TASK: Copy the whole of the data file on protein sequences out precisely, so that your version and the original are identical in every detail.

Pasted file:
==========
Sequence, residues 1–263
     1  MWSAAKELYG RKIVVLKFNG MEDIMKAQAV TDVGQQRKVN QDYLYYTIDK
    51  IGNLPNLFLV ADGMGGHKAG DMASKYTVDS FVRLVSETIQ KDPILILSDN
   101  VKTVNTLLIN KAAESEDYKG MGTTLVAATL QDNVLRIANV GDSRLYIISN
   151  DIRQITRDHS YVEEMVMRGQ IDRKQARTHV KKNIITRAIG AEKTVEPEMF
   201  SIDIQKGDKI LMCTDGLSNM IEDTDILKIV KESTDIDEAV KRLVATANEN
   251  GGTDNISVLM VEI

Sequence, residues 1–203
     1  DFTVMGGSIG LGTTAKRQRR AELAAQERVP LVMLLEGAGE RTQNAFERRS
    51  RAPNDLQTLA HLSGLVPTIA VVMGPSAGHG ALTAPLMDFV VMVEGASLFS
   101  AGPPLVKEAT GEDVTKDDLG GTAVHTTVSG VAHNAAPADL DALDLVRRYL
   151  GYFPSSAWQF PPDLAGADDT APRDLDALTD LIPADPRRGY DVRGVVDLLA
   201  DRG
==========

Sequence, residues 1–263
     1  MWSAAKELYG RKIVVLKFNG MEDIMKAQAV TDVGQQRKVN QDYLYYTIDK
    51  IGNLPNLFLV ADGMGGHKAG DMASKYTVDS FVRLVSETIQ KDPILILSDN
   101  VKTVNTLLIN KAAESEDYKG MGTTLVAATL QDNVLRIANV GDSRLYIISN
   151  DIRQITRDHS YVEEMVMRGQ IDRKQARTHV KKNIITRAIG AEKTVEPEMF
   201  SIDIQKGDKI LMCTDGLSNM IEDTDILKIV KESTDIDEAV KRLVATANEN
   251  GGTDNISVLM VEI

Sequence, residues 1–203
     1  DFTVMGGSIG LGTTAKRQRR AELAAQERVP LVMLLEGAGE RTQNAFERRS
    51  RAPNDLQTLA HLSGLVPTIA VVMGPSAGHG ALTAPLMDFV VMVEGASLFS
   101  AGPPLVKEAT GEDVTKDDLG GTAVHTTVSG VAHNAAPADL DALDLVRRYL
   151  GYFPSSAWQF PPDLAGADDT APRDLDALTD LIPADPRRGY DVRGVVDLLA
   201  DRG